100567 | GREAT BRITAIN. St. Paul's Cathedral bronze Medal.
100567 | GREAT BRITAIN. St. Paul's Cathedral bronze Medal. Issued 1849. Architectural series: St. Paul's Cathedral in London (59mm, 97.17 g, 12h). By J. Wiener in Brussels.
Perspective frontal view of the cathedral; St PAUL'S CATHEDRAL / LONDON in two lines in exergue / Ornate perspective interior view of the gallery designed by Sir Christopher Wren; in three lines in exergue, FOUNDED VII CENTURY, BURNT XI CENTURY / REBUILT IN STONE XII AND XIII CENTy / AGAIN BURNT 1666 / REBUILT IN ITS PRESENT STATE / 1675–1710. Edge: Plain.
Van Hoydonck 49; Eimer 1505. Choice Mint State. Rich chocolate brown surfaces, with a high degree of underlying luster. Extremely attractive architectural type. Compare to similar examples in Stack's Coin Galleries 18 August & 9 December 2009 auctions, lots 6039 & 1183 (which realized hammers of $700 and $650 [plus buyer's fee], respectively).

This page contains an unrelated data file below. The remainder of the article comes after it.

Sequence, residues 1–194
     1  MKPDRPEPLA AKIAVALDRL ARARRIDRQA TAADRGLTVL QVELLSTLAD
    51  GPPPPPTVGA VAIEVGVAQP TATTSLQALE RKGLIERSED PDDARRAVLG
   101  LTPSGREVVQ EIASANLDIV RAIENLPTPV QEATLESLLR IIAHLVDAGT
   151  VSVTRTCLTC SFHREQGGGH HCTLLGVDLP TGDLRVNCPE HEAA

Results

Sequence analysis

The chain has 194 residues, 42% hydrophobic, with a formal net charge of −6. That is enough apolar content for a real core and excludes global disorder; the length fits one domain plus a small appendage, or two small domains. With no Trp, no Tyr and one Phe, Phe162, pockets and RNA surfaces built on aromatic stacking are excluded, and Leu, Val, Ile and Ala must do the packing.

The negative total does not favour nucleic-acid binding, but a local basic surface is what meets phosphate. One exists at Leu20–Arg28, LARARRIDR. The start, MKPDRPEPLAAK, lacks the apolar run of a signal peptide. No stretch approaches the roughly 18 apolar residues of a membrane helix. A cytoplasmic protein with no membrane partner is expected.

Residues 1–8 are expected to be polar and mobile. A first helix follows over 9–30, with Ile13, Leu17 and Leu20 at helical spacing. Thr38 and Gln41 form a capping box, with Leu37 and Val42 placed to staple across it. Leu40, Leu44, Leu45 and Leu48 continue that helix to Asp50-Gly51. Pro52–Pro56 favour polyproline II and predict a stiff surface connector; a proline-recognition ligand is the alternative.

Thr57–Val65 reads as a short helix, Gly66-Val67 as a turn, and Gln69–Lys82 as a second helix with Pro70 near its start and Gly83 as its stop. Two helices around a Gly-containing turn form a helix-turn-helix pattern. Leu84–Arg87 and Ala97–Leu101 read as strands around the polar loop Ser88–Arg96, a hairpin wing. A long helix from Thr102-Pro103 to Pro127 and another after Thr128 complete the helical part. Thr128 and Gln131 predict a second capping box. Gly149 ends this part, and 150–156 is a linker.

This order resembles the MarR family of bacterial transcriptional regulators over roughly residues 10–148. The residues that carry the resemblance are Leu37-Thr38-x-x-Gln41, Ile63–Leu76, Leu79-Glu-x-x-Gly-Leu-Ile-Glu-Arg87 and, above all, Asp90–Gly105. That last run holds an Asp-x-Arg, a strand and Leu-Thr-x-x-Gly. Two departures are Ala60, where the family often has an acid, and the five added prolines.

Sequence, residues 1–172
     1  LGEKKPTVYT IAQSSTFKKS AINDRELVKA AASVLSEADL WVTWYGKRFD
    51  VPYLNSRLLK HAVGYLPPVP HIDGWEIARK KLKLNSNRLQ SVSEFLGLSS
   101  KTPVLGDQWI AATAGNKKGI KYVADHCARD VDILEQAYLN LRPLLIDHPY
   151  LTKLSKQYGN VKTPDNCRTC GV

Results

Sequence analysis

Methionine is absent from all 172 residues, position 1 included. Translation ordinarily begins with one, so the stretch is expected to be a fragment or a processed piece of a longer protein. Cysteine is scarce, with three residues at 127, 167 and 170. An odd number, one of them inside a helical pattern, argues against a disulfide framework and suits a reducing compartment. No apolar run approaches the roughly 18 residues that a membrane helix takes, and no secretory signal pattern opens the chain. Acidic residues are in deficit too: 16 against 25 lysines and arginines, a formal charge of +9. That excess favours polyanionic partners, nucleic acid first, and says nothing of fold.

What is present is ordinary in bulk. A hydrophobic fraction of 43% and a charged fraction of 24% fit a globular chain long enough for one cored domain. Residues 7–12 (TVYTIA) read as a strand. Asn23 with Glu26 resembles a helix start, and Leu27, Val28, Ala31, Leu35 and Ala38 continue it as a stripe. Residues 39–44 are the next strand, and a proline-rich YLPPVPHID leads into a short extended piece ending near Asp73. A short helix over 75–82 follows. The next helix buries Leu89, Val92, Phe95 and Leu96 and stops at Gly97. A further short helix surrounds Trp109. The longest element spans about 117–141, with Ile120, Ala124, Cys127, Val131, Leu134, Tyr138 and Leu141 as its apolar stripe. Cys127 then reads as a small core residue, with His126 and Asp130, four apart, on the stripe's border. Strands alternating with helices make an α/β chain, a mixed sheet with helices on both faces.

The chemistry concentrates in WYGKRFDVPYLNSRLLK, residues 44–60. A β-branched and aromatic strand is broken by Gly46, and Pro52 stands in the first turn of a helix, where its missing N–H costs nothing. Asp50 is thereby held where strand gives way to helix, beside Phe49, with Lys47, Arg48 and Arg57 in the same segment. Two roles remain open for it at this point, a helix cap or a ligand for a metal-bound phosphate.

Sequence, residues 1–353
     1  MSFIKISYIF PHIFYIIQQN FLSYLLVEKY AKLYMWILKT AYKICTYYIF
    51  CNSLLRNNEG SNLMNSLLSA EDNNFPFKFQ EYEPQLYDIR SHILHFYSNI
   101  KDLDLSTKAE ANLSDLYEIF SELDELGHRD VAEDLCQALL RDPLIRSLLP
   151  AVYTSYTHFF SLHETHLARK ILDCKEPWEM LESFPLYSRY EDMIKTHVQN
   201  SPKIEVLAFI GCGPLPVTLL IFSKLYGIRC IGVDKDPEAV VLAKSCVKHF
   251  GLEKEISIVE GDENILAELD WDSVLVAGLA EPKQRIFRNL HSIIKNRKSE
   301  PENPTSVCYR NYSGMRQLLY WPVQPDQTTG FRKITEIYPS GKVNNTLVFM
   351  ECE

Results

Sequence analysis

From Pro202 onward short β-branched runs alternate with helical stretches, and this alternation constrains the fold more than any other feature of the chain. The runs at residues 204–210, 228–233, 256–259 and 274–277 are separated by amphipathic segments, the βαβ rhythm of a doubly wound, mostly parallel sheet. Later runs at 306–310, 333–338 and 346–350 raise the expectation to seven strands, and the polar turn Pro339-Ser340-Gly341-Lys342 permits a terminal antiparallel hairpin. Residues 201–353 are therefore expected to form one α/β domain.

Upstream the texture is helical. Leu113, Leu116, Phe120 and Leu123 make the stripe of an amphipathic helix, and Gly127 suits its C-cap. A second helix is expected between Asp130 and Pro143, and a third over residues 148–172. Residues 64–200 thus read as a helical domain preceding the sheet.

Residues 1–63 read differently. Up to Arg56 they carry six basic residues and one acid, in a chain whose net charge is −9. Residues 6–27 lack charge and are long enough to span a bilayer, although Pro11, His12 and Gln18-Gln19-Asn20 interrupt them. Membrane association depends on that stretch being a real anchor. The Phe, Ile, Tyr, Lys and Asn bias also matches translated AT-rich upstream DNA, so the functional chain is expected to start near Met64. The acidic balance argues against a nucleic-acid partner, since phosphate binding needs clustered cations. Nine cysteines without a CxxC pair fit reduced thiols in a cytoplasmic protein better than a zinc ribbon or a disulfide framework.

Originally founded in 604, the cathedrals that have stood in the location of St. Paul's have been destroyed by fire numerous times during the middle ages, with the "Old St. Paul's" famously being a calamity during the Great Fire of London in 1666, of which it was one of nearly 90 churches destroyed by the massive conflagration. Sir Christopher Wren was tasked with rebuilding many of these structures, St. Paul's being the crown jewel. This present version was officially consecrated in 1697, some 31 years after the Great Fire. During World War II, the cathedral did suffer some damage from German bombings, but survived mostly without issue.
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